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Atherosclerosis is simply the build-up of fatty material inside your blood vessels. The inner walls of healthy arteries are smooth and clean. This makes it easy to transport the blood your body needs to all the different parts of the body. When fatty material builds up within the arteries, they can become clogged. This causes the arteries to narrow and harden over time and makes it increasingly difficult for blood to flow freely to other parts of the body. It’s very common in middle age and older people and it’s the condition that causes most heart attacks and strokes. Certain factors can damage the inner area of the artery and lead to atherosclerosis.
These factors include:
- a family history of heart disease or atherosclerosis
- being physically inactive
- high blood pressure
- being overweight
- high levels of cholesterol
- high levels of sugar in the blood
Managing these conditions if you have them and having a healthy lifestyle can help to lower your chance of developing atherosclerosis.
Early diagnosis of atherosclerosis can prevent serious complications.
Atherosclerosis develops gradually, and those with mild forms of the disease may not experience any symptoms at all.
Many people with atherosclerosis don’t know they have the condition until their arteries are so narrowed or clogged they can’t supply adequate blood to their organs and tissues.
Common symptoms of atherosclerosis include:
- Chest pain (angina)
- Pain anywhere that an artery is blocked
- Shortness of breath
- Confusion (if the blockage affects circulation to the brain)
- Muscle weakness in the legs from lack of circulation
If you have atherosclerosis in your heart arteries, you may have symptoms, such as chest pain or pressure (angina).
Similarly, if you have atherosclerosis in the arteries leading to your brain, you may experience sudden numbness or weakness in your arms or legs, difficulty speaking or slurred speech, or drooping muscles in your face.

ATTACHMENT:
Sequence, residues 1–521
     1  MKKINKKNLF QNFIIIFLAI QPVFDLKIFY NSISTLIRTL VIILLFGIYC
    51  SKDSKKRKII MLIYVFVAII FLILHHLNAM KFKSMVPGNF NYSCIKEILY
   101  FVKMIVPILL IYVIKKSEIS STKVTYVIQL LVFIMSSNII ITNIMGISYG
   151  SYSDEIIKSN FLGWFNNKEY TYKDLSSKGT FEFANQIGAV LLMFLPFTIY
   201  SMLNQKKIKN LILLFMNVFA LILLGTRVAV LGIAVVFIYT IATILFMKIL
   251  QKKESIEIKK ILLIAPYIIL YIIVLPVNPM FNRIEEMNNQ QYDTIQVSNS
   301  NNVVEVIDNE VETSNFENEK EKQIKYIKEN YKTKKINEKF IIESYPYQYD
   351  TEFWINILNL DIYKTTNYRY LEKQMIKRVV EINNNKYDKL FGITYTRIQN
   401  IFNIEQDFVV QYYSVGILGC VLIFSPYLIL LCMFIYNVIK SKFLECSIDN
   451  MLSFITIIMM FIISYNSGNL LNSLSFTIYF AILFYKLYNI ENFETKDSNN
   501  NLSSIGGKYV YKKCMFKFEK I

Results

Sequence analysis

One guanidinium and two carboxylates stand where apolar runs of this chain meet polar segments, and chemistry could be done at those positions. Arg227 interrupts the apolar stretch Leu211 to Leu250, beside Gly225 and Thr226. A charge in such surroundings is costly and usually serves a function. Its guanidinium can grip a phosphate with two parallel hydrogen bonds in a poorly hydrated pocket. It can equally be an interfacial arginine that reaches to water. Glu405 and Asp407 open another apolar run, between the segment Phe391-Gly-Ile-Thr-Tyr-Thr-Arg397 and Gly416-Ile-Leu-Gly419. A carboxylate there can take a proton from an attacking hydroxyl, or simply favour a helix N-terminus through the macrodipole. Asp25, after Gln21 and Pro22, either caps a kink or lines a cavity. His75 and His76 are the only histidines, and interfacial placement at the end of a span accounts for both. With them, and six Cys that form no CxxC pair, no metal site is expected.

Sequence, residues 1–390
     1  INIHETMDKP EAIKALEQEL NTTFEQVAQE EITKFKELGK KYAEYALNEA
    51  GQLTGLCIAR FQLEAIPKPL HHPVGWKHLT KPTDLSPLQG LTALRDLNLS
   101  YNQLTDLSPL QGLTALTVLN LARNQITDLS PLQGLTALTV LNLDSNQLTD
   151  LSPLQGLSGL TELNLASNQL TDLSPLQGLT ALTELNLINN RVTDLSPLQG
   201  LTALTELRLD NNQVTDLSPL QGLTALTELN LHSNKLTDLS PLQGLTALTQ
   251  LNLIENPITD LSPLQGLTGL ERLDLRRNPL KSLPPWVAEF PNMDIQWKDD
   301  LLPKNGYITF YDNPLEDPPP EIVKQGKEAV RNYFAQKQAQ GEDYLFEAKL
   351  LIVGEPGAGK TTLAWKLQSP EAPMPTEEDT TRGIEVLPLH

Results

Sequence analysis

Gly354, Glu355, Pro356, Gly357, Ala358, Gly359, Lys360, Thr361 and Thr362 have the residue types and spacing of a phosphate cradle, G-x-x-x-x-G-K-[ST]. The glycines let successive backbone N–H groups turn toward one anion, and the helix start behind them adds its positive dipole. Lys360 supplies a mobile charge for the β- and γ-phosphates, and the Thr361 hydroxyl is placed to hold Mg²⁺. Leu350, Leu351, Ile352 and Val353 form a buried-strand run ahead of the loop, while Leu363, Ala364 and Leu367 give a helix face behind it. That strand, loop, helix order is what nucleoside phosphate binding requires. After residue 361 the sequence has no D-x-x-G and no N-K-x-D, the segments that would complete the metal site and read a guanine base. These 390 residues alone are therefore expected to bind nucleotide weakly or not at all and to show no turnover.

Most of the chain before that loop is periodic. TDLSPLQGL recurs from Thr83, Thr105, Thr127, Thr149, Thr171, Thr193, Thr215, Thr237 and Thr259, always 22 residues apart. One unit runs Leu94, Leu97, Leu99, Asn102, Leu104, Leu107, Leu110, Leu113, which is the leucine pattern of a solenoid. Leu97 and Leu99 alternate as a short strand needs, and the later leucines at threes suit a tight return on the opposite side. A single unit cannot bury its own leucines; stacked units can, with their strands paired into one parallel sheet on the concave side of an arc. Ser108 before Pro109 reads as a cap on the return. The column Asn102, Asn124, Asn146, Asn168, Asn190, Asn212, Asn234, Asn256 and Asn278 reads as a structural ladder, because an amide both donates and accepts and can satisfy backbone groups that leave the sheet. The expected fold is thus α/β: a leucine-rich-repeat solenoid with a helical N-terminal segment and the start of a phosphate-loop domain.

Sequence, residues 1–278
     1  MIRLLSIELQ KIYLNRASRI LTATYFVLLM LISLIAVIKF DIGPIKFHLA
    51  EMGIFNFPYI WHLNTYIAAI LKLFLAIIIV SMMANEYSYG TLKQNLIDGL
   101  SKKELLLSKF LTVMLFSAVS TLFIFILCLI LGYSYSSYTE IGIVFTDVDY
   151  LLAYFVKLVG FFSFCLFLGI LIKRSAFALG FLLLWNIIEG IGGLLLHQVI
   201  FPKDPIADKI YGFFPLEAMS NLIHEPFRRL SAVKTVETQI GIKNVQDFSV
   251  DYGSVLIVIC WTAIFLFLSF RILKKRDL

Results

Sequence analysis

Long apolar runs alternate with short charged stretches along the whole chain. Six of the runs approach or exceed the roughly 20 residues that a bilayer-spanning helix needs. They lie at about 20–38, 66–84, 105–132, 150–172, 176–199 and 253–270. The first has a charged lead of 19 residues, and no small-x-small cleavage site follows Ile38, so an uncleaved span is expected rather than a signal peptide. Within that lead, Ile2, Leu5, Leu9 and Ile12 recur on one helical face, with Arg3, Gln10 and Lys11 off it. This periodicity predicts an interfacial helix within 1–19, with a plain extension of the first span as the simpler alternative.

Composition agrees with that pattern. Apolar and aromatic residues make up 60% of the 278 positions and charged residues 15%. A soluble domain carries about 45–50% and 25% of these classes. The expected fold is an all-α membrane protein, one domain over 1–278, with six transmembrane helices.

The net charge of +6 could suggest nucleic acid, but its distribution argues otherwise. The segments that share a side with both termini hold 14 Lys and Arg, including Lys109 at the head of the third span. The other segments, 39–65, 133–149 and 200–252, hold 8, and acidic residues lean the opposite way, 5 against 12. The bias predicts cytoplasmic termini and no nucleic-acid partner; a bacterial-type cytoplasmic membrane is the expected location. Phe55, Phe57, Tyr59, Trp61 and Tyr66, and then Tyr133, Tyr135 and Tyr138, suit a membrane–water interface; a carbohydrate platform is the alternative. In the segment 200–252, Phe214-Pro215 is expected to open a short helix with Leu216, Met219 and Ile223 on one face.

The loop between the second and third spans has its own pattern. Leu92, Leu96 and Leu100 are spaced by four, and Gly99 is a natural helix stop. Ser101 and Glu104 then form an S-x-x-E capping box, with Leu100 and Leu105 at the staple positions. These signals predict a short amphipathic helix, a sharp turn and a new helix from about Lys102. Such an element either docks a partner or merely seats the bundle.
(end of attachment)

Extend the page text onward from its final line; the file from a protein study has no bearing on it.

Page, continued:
f symptoms do occur, their location and severity generally depend on the blood vessels affected.
What lifestyle changes can help prevent atherosclerosis?
- Maintaining a good, healthy diet – A diet high in saturated fat and cholesterol can raise your cholesterol levels. Oily fish like salmon and oysters, rich in unsaturated, omega 3 fatty acids are healthier options in comparison to red meat or processed fast food. The American Heart Association recommends that you reduce the amount of meat, eggs, milk, and other dairy products in your diet. Check food labels to find the amount of saturated fat in a product. Also, avoid large amounts of salt and sugar. Be careful with processed foods like frozen dinners. They can be high in fat, sugar, salt, and cholesterol. Your diet should include lots of fresh or frozen fruits and vegetables, lean meats and fish, as well as whole-grains like oats and whole-wheat, rich in fiber.
- Regular Exercise – You’ve probably heard this a million times but that’s because it’s true. Regular aerobic exercises like walking, jogging, swimming, and running are great for the heart because they help to reduce the cholesterol level in the blood. It also helps to control your weight, reduce blood pressure and improve your mental health. If you don’t know where to start, you can set a small goal of running for 10-15 minutes every day and then increase it slowly as your body adjusts to it. You can also exercise at home. Studies have shown that those that incorporate exercise into their daily activities are able to maintain an active lifestyle for a long time and therefore enjoy the benefits.